So anyway, here are the surviving chicks (as of tonight):
I’ll have to see about getting the replacements for the losses sent in a month or so, when it’s warmer so that I don’t lose them as well. For now, these guys are doing well and are a lot of fun to watch.
My new chicks are due to arrive this coming week. I’ve been trying to figure out how I will house them together with Peepers. He is probably about 4x the size that the new chicks will be, and he’s quickly outgrown the small box I originally had him in. I originally thought about using a giant plastic bin – we have one, but it is somewhere out in the garage I believe, and possibly filled with stuff at the moment. Our garage is kind of a pain to get to in the winter – My dad built it to house his tractor, and didn’t actually put it near the driveway, so we need to trudge through knee deep snow to get to it. I also was thinking that, since it’s only early March now, I will probably need a bit more space because the chickens will be pretty big by the time it’s warm enough to put them outside with the adults.
I saw some designs online that people had made for indoor brooders. One person got some large furniture/refrigerator boxes and put them together to make a brooder. I tried asking our local furniture store for some boxes, but they were out of cardboard (someone had taken all their cardboard away the very day I asked). So then I asked at our local grocery store, and they had some boxes. I went and got 8 or 9 large boxes that had been for paper towels and things.
I brought them home and started building them into a large box shape:
I then reinforced the sides, and added cardboard on the bottom to make the floor. The chick corral / brooder is all put together with duck tape.
It comes out to roughly about 4′ x 2.5′ – a decent size, and should keep the chickens happy for awhile as they grow. I have extra cardboard to make the sides taller later on as needed. I will probably need this because otherwise I’ll eventually find them perching on the top and hanging out in the room where the brooder is. When I had my last batch of chicks (my current adult population), by about 2-3 months they were already doing that. I was worried about them living outside but soon after they started escaping their brooder I knew it was time for them to go to their coop – plus it was summertime.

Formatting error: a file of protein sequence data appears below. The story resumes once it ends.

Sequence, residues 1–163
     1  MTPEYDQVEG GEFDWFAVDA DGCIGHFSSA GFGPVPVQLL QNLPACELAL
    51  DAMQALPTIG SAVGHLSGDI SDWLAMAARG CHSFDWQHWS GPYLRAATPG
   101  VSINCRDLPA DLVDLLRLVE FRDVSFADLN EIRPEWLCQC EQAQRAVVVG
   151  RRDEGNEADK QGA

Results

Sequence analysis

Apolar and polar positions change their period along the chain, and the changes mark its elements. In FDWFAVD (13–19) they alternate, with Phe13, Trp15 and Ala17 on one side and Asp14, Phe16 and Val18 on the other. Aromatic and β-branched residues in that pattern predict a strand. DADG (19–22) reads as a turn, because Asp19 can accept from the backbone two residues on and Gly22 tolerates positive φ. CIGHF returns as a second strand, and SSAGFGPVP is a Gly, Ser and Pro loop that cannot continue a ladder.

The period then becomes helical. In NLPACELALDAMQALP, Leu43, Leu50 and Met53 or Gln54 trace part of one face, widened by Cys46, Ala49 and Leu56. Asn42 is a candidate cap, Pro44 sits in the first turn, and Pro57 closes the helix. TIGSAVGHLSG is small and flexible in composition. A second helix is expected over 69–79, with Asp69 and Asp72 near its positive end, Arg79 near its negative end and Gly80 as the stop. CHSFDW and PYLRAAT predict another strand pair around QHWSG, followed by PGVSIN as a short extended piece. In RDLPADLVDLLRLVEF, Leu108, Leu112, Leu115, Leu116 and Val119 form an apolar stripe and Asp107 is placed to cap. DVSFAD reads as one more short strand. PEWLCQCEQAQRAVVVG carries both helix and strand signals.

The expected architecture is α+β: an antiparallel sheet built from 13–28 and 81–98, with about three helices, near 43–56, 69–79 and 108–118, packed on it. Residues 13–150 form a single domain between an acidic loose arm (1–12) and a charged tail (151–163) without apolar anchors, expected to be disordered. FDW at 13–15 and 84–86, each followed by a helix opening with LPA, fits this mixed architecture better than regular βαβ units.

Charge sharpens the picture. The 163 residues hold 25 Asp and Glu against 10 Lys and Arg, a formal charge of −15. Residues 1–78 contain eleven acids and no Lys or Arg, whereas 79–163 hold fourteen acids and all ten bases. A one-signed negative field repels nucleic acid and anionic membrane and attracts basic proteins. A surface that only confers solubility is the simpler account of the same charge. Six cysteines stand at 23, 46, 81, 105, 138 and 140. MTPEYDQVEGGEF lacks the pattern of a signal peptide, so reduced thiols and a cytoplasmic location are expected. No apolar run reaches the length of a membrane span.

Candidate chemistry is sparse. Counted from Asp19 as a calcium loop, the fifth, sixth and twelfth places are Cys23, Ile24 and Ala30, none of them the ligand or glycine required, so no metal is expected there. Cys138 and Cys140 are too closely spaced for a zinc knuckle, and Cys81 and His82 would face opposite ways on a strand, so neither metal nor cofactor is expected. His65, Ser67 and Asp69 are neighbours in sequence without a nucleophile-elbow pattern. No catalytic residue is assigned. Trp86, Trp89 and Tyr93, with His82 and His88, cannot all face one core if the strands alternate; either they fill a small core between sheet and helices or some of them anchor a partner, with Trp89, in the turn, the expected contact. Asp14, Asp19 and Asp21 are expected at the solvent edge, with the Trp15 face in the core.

The brooder is in a carpeted room (my art room which is actually an old bedroom). I had a large thick plastic tarp that I put underneath the whole brooder just to keep the carpet from getting dirty. I had to think for awhile on how to do the flooring/bedding for the chickens. Last time I used newspaper as their bedding with no problem, but I’ve since read that newspaper can get slippery and cause leg problems in developing chicks. I also had to think about Peepers. Peepers has a wonky leg – I think it was caused by the temperature fluctuations from the incubator going bad mid-incubation. That can cause a condition called splay leg in chicks. I didn’t notice his problem right away, because it was just one leg. Over the first couple weeks he started pushing one leg out and now it sometimes is almost behind him when he walks. This can be a fixable condition if caught and fixed within the first few days after hatching, but he was already a few weeks old when I found out what the condition was called and how to fix it. I tried using a bandage method to “train” the leg to do what it’s supposed to, but it just seemed to hurt him and I didn’t want him falling in his water or anything, so I stopped trying to fix it. He gets around ok, but he needs a surface with better grip. I’ve found that really good quality paper towel seems to be ok for him, so that is what I lined the brooder with. Carpet is actually better – I bring him out on the carpet to hang out sometimes, and he gets around fine on that, but chickens poop wherever, whenever, so for the brooder I need something I can take out and replace frequently.